Reviews roundup – The Alan Parsons Project vs. Albany Down vs. Magick Touch vs. Vasil Hadzimanov Band
THE ALAN PARSONS SYMPHONIC PROJECT
Live In Columbia
Well that was a turn up for the books. Who’d have thought that Alan Parsons would have reconvened his Project, along with an orchestra to replay his greatest hits in Columbia. Of course, without the late Eric Woolfson, it’s only really half a project, but hearing new versions of some great songs that time forgot makes it all worthwhile.
I always liked the Alan Parsons Project, with only their final “Gaudi” album letting the side down for me. And if you’re a fan, you owe it to yourself to track down a copy of the Eric Woolfson album “More Tales Of Mystery & Imagination”. But let’s head off to the Parque Pies Descalzos in Medellín, Colombia on August 31st, 2013, when Parsons appeared on stage, along with the Medellín Philharmonic Orchestra and his band.
It’a an all new band with Alan Parsons on acoustic guitar, keys, and vocals, P.J. Olsson (lead vocals), Alastair Greene (guitar, vocals), Guy Erez (bass, vocals), Danny Thompson (drums, vocals), Tom Brooks (keyboards, vocals) and Todd Cooper (saxophone, guitar, percussion, vocals), and they certainly know how to bring the music to life.
It’s a double album full to the brim of melodic prog meets soft rock, with long standing favourites like ‘Damned If I Do’, ‘I Wouldn’t Want To Be Like You’, ‘Eye In The Sky’, ‘Old And Wise’ and ‘Games People Play’ all present, correct and immaculate. Granted, it seems a bit odd to hear someone else singing, as the songs are embedded in my head from decades ago, but that aside, this is a sheer delight.
It’s available as a DVD, Blu-ray, 2-CD digipak, triple vinyl, and download.
The Outer Reach
This is album number three from Albany Down, although it’s my first encounter with the UK blues rockers who’re made up of Paul Muir (vocals), Paul Turley (guitars), Billy Dedman (bass) and Donna Peters (drums).
They’re looking back to the early seventies when wailers like Led Zeppelin were splattering the walls with their ripped off blues bluster, but fortunately they’ve stopped to look around at folk like early Bad Company to temper their sound with some class. Which really works on songs like ‘Do You Want Me Now’ and ‘Revolution’. They’re also happy to broaden their scope with some well placed horns, and can even turn their hand to a heartfelt ballad. That would be ‘Look What You Have Done To Me’ and ‘Sing Me To Sleep’.
Paul Muir has a really good rock voice, while t’other Paul can certainly whip out a good guitar riff and solo. It also sounds great, so props to Greg Haver for that. We’re still waiting for a breakout British blues rock band, and seeing as how this year sees the tenth anniversary of The Answer being the next big thing, it’s beginning to seem like a lost cause. But for as long as there are bands as good as Albany Down, we’ll just have to keep on keeping on.
Aiiiiieeee!!!! Off to Bergen in Norway for some heavy metal. And with a surfeit of K’s in their name and title, who better than Magick Touch, a mighty fine trio comprising HK Rein on guitar and vocals, Bård Nordvik on drums, and Christer Ottesen on bass and vocals.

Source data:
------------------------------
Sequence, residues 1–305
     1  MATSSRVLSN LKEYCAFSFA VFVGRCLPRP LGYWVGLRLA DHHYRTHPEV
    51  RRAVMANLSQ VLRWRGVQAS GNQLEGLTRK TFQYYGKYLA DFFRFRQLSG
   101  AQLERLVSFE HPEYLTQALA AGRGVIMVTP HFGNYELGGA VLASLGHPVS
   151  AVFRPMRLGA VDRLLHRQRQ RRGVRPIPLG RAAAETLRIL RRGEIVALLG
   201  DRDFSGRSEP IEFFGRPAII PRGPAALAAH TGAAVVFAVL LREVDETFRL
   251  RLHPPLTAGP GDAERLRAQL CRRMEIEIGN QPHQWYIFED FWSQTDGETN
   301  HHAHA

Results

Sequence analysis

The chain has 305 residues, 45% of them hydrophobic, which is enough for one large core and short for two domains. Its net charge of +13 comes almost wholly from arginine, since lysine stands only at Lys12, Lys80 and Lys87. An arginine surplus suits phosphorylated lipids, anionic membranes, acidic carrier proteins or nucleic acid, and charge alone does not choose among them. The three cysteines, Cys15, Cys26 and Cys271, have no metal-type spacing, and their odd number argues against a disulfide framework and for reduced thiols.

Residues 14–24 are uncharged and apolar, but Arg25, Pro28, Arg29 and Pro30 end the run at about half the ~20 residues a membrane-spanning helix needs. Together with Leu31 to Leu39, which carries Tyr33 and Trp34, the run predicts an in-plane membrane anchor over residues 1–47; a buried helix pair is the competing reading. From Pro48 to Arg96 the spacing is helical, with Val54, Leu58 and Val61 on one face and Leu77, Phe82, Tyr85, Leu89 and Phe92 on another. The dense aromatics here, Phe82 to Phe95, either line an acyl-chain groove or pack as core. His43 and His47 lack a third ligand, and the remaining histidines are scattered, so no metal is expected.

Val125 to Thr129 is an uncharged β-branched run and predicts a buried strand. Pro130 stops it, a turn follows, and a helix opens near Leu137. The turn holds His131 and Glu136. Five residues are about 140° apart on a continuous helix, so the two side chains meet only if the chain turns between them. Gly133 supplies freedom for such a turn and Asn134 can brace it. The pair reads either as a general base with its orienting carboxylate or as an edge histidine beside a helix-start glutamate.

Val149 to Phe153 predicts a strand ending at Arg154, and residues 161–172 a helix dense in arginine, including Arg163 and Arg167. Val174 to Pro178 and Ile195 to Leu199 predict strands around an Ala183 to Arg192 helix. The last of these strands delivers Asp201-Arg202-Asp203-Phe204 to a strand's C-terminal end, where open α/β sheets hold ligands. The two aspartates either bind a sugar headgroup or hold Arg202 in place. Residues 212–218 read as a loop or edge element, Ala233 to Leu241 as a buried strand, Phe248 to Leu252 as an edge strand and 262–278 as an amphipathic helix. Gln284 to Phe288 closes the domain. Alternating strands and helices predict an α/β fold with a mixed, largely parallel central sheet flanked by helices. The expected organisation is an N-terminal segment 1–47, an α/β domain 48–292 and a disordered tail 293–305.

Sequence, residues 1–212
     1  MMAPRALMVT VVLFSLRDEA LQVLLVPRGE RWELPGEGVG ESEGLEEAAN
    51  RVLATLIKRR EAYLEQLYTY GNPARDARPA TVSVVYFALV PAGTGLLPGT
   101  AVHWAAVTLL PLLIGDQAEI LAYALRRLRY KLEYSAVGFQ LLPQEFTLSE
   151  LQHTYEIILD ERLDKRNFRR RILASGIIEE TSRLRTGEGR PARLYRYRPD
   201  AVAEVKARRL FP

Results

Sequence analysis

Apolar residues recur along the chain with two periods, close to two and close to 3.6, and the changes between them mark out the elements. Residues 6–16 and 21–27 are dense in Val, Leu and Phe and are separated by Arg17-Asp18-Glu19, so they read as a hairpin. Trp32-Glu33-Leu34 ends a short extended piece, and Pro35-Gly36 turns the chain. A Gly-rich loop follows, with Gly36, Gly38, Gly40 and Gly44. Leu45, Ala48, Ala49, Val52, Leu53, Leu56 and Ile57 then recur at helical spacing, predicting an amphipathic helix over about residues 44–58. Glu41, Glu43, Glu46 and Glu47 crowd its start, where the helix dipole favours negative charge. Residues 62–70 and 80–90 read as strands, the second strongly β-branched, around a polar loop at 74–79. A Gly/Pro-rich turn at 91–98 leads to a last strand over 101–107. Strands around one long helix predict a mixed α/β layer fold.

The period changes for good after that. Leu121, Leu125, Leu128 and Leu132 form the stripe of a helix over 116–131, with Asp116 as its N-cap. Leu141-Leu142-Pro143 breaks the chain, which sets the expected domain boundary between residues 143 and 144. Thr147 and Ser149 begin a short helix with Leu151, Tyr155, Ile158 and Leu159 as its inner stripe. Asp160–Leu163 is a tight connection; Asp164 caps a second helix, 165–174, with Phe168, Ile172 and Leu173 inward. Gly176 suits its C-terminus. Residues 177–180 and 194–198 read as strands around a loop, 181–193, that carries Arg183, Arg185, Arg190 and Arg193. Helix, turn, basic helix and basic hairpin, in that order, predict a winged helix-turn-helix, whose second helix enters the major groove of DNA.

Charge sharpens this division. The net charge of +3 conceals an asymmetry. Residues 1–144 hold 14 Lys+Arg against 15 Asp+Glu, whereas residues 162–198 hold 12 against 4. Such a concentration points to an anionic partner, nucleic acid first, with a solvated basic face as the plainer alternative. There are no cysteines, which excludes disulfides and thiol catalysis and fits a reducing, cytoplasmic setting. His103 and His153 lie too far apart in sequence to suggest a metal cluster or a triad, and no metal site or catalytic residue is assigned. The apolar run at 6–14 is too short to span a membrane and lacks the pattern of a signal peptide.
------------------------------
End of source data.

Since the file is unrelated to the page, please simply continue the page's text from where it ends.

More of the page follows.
To be fair, they’re not really metal. They’re more of a hard rock band on the cusp of being metal. The kind of thing bands did in the late seventies before the Priest finally emerged from their kaftans. Magick Touch are relatively new, forming in 2014 and recording this debut in 2015, but they’ve certainly got the rocking chops.
They’ve also got a penchant for some classy lyrics as in the opening ‘Love Rocket’, a sure fire hit in 1986. They get closer to the metal on the likes of ‘Underwater Prison’, but always have a stadium rocker just around the corner, as on ‘Trouble & Luck’. There is a slight sag in quality towards the middle of the album, before they get some glam metal chops out for ‘Dead Man in Chicago’. Is it the best thing since a plain half loaf? No. Is it a fun album, full of Nordic promise? Yes, it is.
VASIL HADZIMANOV BAND featuring David Binney
In their neverending quest for the finest in avante garde, fusion, prog and downright weirdness, MoonJune Records have taken themselves off to Serbia, to catch up with keyboardist, pianist and composer Vasil Hadzimanov.
He’s not a well known name (or indeed a catchy one), but he’s well known in musi circles and has performed with people like David Gilmour, Antonio Sanchez, Matt Garrison, David Binney, Nigel Kennedy and an assortment of rock stars in his native country.
He comes from a musical background and is a graduate of the prestigious Berklee College of Music, in Boston. “Alive”, as the name suggest sees Vasil and his band, featuring saxophonist David Binney, recorded live in concert. Turns out it’s their sixth album, but the first one to be distributed globally, and it will certain enthrall those looking for some new fusion kicks.
There are a couple of tunes here, in particualr, which sum up the adventurous spirit of the band and their music. The opening ‘Nocturnal Joy’ sees the band taking some spectacular side routes through various forms of jazz, while ‘Zulu’ is the one for those searching for some seventies fusion reformatted for the 21st century. Granted, I could have done without the vocals, but instrumentally, it’s a dream concoction.